In the initial evaluation of acute type B aortic dissection, prognostic indicators of severity as the patency of the false lumen and aortic diameter greater than 40 mm as it should be considered in the choice of the appropriate therapy[13]. Loewe et al.[14] demonstrated a higher incidence of complications in acute type B aortic dissection in which the location of the entrance hole is in the small aortic curvature and recommended that these patients should be considered as high risk and with indication of premature endovascular treatment.

Eggebrecht et al.[15], in a meta-analysis of 39 published studies from 1999 to 2005, which involved 609 patients, proved the technical success in 98.2% of patients; hospital mortality of 5.3%, presence of neurological complications of 3.1 %, 1% of paraplegia and 2.1% of ischemic stroke. During follow-up, there was 2.3% of aortic rupture. Xiong et al.[16], also from meta-analysis of 39 studies published from 2001 to 2007 in China, involving 1304 patients, showed a hospital mortality of 2.6±0.1%, and a 5-year survival of 95.2%. The low mortality rate for endovascular treatment in a significant number of patients with type B aortic dissection complicated[15,16] allowed to question the indication of medical treatment as an approach to uncomplicated type B aortic dissections.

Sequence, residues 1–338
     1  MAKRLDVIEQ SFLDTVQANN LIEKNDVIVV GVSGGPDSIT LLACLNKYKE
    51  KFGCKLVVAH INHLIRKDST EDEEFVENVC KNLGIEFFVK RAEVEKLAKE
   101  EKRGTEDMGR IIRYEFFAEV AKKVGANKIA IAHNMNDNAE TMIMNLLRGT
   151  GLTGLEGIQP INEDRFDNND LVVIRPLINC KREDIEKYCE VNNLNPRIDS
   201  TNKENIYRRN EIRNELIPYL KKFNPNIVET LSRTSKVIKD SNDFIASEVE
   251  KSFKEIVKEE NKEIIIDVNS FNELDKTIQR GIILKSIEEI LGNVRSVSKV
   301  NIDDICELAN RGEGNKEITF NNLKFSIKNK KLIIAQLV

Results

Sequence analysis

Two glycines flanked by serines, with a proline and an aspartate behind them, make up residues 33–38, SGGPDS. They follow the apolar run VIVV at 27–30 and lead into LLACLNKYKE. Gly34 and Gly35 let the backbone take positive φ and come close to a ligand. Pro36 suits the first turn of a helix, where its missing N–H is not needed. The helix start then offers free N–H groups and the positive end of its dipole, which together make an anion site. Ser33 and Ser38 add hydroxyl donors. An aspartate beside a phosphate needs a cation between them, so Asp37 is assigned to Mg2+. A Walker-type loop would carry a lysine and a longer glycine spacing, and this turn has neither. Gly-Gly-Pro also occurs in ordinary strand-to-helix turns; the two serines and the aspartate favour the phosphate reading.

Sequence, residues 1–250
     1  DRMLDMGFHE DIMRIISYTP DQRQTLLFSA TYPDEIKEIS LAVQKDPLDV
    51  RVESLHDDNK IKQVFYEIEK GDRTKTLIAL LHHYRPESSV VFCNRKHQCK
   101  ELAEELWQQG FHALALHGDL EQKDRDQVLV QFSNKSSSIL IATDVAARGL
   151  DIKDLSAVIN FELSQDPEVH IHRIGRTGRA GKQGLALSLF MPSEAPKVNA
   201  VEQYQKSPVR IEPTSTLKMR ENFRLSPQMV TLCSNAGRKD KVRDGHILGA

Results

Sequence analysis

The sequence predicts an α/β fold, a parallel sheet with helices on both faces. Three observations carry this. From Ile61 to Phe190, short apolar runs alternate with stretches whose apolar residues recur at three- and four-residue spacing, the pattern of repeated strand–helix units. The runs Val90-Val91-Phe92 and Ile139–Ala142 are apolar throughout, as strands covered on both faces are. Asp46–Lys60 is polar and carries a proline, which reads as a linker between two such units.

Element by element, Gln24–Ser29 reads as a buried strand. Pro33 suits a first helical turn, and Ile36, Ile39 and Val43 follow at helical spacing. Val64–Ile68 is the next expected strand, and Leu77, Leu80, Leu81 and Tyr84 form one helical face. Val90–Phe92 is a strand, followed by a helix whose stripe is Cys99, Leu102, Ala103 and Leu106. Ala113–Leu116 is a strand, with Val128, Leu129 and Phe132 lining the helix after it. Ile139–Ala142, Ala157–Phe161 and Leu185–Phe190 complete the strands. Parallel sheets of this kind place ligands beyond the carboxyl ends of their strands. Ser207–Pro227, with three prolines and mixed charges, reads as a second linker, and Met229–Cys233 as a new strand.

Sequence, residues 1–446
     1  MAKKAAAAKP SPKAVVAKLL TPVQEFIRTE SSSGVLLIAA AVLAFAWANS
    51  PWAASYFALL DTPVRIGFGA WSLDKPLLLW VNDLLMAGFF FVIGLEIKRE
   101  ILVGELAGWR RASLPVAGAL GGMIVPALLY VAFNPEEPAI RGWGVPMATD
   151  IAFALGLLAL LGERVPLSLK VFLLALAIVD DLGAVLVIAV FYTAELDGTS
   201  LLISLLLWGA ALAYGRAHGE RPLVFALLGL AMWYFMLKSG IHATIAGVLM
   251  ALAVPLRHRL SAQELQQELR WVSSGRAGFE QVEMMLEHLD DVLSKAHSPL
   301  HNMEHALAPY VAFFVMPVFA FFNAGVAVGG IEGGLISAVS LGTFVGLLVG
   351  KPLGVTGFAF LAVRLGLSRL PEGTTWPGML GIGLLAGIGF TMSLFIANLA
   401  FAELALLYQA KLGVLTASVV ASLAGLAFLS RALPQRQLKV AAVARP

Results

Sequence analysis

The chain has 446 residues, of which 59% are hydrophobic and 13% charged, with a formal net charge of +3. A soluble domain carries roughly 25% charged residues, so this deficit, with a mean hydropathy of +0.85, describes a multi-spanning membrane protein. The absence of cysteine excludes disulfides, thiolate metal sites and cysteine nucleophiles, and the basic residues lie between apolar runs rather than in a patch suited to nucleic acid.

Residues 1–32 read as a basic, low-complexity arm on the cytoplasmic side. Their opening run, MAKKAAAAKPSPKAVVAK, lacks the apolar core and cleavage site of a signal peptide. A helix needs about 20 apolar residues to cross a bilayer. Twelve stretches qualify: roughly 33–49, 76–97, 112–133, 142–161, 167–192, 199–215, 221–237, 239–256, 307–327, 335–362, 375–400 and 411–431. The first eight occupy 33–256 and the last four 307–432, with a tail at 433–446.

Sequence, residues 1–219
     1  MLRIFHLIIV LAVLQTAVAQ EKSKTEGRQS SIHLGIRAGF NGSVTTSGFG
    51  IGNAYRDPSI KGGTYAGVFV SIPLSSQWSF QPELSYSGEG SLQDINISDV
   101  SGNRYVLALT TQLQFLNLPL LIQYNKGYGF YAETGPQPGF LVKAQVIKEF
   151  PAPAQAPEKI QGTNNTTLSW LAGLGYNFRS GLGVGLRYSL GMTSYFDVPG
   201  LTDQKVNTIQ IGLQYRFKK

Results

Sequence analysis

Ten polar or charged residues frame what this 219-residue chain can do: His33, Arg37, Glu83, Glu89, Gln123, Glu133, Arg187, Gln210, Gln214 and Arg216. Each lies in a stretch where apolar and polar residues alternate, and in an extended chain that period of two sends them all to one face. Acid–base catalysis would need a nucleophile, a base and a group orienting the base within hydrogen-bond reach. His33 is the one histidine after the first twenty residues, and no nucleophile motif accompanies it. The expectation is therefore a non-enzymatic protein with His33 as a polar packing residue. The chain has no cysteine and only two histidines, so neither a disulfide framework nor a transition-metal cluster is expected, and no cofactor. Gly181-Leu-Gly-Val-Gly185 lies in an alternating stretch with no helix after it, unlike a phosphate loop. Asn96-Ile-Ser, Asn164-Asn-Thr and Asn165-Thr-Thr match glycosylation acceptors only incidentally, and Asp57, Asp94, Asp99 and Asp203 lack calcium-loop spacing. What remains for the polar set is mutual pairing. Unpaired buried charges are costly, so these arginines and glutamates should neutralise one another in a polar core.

The INSTEAD[17] was the first prospective, randomized, multicenter trial that compared endovascular treatment added to optimal medical treatment exclusively in uncomplicated type B aortic dissections in the subacute and chronic stage.

After two years of follow up, there was no difference in mortality from all causes and events related to the aorta between the two groups, although the aortic remodeling, defined as an increase of the true lumen and false lumen thrombosis was higher in patients undergoing endovascular treatment, 91.3% versus 19.4% in the group of medical treatment[18].